m_emerson_news: (Default)
 


Another interview that Michael Emerson gave. This time it was for Underground online (UGO). Not everything is new, but it is a good read. Enjoy it.


Michael Emerson, LOST Interview

By Kyle Braun

"People come up to me more and more, and it's just mainly funny."

Actor Michael Emerson was classically trained as a Shakespearean actor before getting his first major break playing Oscar Wilde in the off-Broadway play Gross Indecency: The Trials of Oscar Wilde. Emerson went on to win an Emmy for his six-episode guest appearance on The Practice and also landed a role in the hugely successful horror film Saw. These days, the masterful actor is taking over the airwaves on ABC's gargantuan hit series Lost as the cunning leader of The Others, Ben Linus. On a short break in the action as Lost gets set to make its return to the airwaves, we caught up with Michael Emerson to talk Lost and more.

UGO: How did you land the role of Henry Gale on Lost? Did you have to go through an audition process?

MICHAEL EMERSON: Usually, just about every other job I've ever had, I've had to do that. I always have to jump through hoops of fire to get a gig, but this one came as an offer. I guess because they had seen my work on other show sand thought I had something of the right quality that they wanted. It was to have been originally a guest turn, three episodes and gone. I had no idea at the get-go what kind of employment we were talking about. I thought, "Oh, that'll be fun. I'll go to Hawaii for a couple of weeks and that will be interesting." Then, they ended up liking the character, I think, and finding that they had a lot to do with him, a lot of uses for him, so my little guest turn turned into what is now full-time employment here.

UGO: When you approached your character as a three-episode guest spot, what did you do to flesh him out in such a short time?

MICHAEL: Well, you don't think too much about a long arc or evolution or anything like that. You just play the scenes that are on the page. You think about how the character ticks or how the character works in the context of the storytelling. Of course, there's nothing like a story meeting you take with producers or anything like that. You just show up and tear into it, but I knew that ambiguity was where the thing was going to work best. That was just my instinct, and I think it was the right one.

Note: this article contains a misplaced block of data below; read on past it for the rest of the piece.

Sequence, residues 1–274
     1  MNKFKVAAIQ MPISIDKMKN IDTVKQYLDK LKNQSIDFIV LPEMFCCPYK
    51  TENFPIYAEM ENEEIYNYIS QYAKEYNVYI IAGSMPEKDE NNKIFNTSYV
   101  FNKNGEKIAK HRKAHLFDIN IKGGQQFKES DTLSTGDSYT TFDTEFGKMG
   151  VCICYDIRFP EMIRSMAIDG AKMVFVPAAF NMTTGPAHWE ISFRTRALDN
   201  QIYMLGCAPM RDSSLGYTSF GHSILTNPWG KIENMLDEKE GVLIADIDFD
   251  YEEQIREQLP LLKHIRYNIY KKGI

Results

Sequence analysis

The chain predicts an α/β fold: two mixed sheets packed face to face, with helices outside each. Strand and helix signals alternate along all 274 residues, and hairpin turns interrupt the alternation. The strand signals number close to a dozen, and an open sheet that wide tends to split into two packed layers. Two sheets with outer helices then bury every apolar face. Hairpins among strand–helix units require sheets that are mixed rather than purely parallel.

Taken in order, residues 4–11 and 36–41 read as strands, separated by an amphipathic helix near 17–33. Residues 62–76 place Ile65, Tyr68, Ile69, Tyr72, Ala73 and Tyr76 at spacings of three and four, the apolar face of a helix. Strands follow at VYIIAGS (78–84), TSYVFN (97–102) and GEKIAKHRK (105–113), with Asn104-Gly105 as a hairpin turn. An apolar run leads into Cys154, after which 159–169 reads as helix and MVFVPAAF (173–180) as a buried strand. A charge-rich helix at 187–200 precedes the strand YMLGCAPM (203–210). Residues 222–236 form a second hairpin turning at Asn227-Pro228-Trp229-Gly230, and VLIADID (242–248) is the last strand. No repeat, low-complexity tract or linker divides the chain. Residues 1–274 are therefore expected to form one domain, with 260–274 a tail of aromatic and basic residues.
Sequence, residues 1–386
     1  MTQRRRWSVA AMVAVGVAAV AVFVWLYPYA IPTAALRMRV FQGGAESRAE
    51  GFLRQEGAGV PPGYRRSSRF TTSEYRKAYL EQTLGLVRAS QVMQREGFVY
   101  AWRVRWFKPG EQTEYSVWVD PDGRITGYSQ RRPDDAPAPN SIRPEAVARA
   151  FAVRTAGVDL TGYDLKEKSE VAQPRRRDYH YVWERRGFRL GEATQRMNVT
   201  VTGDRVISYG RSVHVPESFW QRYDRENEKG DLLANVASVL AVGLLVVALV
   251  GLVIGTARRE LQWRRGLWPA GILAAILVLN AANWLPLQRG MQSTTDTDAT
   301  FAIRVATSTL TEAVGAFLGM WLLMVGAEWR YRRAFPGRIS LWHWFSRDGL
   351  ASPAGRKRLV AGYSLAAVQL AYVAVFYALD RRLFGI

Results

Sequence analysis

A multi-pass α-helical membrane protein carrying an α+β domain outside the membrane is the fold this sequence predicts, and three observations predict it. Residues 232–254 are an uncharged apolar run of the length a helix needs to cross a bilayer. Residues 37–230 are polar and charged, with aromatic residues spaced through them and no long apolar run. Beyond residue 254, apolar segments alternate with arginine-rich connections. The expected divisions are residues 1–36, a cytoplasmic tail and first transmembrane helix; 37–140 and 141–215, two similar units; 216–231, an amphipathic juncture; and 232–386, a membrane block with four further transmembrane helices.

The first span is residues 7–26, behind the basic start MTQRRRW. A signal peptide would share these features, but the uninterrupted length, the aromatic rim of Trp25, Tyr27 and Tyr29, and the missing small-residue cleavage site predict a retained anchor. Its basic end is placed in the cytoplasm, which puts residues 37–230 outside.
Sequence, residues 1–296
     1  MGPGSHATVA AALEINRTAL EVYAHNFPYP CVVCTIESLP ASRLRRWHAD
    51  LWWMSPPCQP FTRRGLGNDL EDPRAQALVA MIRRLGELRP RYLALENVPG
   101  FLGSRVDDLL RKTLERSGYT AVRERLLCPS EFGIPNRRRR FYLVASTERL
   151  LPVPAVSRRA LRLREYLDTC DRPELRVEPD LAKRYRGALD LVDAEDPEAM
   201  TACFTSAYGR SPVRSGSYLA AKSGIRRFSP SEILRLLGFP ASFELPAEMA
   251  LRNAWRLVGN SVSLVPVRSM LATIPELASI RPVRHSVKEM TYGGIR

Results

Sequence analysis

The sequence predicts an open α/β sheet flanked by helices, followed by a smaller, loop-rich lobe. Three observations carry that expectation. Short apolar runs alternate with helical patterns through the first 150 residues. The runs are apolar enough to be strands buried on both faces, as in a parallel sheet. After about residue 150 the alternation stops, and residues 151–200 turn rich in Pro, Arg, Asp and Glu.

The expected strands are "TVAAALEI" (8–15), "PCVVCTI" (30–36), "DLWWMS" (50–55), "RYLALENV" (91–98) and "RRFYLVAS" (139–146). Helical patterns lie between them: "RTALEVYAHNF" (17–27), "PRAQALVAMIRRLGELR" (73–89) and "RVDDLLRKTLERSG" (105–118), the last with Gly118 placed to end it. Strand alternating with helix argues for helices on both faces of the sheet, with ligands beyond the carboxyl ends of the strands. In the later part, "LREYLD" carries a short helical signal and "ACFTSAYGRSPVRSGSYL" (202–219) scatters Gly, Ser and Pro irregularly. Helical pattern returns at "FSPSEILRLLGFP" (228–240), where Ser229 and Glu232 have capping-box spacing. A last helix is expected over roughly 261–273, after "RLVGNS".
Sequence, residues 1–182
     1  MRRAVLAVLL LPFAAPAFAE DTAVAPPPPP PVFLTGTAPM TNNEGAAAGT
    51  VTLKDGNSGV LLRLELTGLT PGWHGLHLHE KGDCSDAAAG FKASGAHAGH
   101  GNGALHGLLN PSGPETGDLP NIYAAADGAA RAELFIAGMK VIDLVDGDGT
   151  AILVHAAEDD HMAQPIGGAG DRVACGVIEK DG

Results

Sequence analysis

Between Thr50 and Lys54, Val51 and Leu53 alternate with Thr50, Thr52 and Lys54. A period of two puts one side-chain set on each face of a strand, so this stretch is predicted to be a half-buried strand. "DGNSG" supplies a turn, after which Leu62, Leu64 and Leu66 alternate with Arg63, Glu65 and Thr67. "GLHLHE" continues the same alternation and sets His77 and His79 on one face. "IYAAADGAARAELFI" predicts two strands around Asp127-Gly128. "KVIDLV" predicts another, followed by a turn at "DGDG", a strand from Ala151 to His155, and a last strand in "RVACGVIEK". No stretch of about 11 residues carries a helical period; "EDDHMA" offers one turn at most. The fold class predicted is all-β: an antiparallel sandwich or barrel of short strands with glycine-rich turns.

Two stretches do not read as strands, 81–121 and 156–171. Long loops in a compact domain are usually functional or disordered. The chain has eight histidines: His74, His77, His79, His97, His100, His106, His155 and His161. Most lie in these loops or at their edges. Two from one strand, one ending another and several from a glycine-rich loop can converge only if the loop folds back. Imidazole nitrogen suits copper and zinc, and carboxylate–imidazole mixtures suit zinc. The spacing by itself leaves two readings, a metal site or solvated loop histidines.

UGO: Ambiguity is one of the most unique aspects of your character. He is being shown as the villain, yet it's very hard to see him as either good or evil. How do you play both sides of that coin?

MICHAEL: In a way, I found that I don't have to worry about that too much. If I play the character straight, or in neutral, the ambiguities take care of themselves. For example, I don't have to make a decision on whether this line should come out as in earnest or as a lie or as some kind of subterfuge or deception. I just play it straight. Let's say the character was a liar, which I'm not sure he is, he would be an extremely good one. He would be so convincing, it would be pointless for me to try and spin the lie in any way to suggest lying. Just go ahead and play the scene straight and let the audience wonder. The writers take care of that. Where you fall in the sympathy scale, or the scale of good and evil, is not, in a way, playable. The storyline places you where you need to be, if you know what I mean.

UGO: With the mid-season break coming to an end, how do you make sure not to give away too many spoilers?

MICHAEL: It has been harder this year than previously. We never took a pause in the filming of the show, so now we find ourselves in the strange position of being seven or eight or nine episodes ahead of what the audience has seen. That usually doesn't happen. Usually, in past seasons, if we'd have had this conversation, I'd be two or three episodes ahead of you and I would know less. As it is now, in fact, sometimes it's less a question of what I know than what I cannot remember that we've shot, or whether it's aired or not. Some stuff we shot so long ago, I just assumed that it's out there, but it isn't yet. [laughs] I've been in some sticky situations around that before.

UGO: Season Three has divided the cast on two islands, and you are with Jack, Kate and Sawyer. Since you don't get to work with Terry O'Quinn and Naveen Andrews and other major players, which actors do you miss working with?

MICHAEL: Well, I can tell you that those two storylines are going to merge very soon. I have been working lately with folks that I worked with last season. I always have a good time working with Terry on an episode. We had a great episode last season where we were trapped in the hatch. We get along famously, and I love the way he works. He's funny and we have similar working methods, so I have shot some stuff with him lately, and it's going to be really, really good!